Let's discuss the political fallout. Joining us, the CNN senior political analyst Ron Brownstein. He's the editorial director of "The National Journal," and columnist A.B. Stoddard of The Hill newspaper. Guys, thanks very much.

Ron, I've just gotten a statement from Brendan Buck, the spokesman for John Boehner, the House speaker. He says the administration will be briefing House Democrats tomorrow on this Web site. No briefing was offered to House Republicans. They're upset about this. I assume they're going to have to fix that, right?

RON BROWNSTEIN, CNN SENIOR POLITICAL ANALYST: Understandably. I mean, one of the issues here has been the amount of information and the transparency about what's happening, which has been lacking.

But you know, we are really in a situation where political problem overlaps and slides into actual substantive problem, Wolf, because one of the key issues for the exchanges from the beginning was whether they were going to get enough young, healthy people to sign up to create a balanced risk pool. The assumption has been that people who are in ill health who need health care desperately are going to find a way to do this. And they are going to wait through long delays on the Web site, they are going to do whatever they can to get the health care. The issue has been whether younger people are going to sign up, and if it continues to be difficult for someone who doesn't desperately need health care to sign up, they do increase the risk of having what is called adverse selection and a risk pool that will drive up costs in the future.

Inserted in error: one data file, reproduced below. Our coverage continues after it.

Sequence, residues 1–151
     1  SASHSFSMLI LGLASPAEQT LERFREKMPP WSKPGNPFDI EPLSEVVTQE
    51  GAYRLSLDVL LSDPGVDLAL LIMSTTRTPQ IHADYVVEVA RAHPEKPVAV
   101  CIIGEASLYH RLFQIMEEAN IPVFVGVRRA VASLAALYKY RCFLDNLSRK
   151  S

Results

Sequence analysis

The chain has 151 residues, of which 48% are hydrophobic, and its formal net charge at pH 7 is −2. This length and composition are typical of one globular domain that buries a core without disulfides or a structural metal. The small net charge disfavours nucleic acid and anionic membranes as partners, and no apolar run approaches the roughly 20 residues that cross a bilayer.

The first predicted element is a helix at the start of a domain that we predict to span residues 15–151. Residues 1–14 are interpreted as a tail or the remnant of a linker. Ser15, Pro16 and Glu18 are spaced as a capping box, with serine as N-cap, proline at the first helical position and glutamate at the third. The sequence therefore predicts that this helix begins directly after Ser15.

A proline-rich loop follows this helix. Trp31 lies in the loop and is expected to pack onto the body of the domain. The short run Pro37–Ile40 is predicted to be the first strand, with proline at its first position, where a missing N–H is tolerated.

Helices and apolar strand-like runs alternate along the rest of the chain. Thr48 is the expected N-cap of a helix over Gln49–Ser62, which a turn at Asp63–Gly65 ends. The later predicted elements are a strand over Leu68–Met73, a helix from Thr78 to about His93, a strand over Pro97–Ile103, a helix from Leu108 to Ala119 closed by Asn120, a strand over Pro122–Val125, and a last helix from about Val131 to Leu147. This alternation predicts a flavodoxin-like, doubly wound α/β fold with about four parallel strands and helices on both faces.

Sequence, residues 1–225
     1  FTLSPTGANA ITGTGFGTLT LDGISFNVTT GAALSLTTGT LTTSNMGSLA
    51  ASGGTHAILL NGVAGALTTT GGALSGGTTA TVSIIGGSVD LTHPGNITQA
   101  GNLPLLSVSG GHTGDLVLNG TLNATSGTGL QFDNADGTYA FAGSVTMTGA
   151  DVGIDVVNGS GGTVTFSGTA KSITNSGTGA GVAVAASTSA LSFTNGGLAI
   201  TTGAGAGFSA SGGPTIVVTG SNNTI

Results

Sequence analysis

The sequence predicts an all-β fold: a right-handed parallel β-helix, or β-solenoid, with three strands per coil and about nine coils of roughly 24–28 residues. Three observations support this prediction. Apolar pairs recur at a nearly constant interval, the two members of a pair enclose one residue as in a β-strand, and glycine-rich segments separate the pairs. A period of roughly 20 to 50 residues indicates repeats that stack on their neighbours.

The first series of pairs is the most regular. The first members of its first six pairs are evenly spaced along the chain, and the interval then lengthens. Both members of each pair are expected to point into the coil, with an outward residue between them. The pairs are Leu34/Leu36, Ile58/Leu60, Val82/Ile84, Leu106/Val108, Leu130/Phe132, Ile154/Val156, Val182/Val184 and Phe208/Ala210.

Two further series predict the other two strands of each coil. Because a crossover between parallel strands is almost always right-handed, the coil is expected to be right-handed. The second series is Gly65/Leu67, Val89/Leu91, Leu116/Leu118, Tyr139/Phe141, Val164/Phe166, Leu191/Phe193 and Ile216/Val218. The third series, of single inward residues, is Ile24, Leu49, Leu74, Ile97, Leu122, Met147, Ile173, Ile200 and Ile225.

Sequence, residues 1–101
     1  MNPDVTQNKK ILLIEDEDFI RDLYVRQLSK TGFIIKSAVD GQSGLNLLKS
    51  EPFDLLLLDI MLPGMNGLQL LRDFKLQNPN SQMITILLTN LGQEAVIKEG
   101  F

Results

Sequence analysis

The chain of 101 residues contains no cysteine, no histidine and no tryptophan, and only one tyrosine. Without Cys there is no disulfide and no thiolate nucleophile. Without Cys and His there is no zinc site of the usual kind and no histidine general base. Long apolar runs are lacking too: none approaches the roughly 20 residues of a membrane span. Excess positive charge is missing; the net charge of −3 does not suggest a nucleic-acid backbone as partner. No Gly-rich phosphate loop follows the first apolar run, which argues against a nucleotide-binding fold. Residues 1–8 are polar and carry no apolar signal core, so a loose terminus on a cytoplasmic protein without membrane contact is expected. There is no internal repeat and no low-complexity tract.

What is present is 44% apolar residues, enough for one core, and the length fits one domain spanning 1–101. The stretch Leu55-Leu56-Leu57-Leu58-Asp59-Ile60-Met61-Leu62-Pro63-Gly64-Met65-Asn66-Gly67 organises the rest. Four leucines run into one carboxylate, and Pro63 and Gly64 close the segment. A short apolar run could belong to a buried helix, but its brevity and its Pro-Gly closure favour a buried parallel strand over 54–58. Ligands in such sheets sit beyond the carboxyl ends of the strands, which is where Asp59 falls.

So they really need to get this done, not only because the optics are bad but because at some point down the road, it threatens the underlying substance of what they're trying to do.

BLITZER: That's an excellent point. A.B., all of us, we have covered these kinds of events here in Washington over many years. When there's bad news for an administration, you have to assume, they have to assume, they learned this the hard way, often, it will come out anyhow. The better way for it all to come out, the bad news, is you put it out yourself instead of letting your critics or enemies put it out. I'm not sure the administration yet has learned that.

AMY STODDARD, COLUMNIST, "THE HILL": Right. Ron's point is central to the entire program, it collapses under itself if those new people don't come in. And what was required was a smooth beginning. The administration should have known this. They were under pressure to be aware of this structural necessity from the insurance companies three- and-a-half years ago. The fact that they allowed for a rough beginning will have a material impact on enrollment.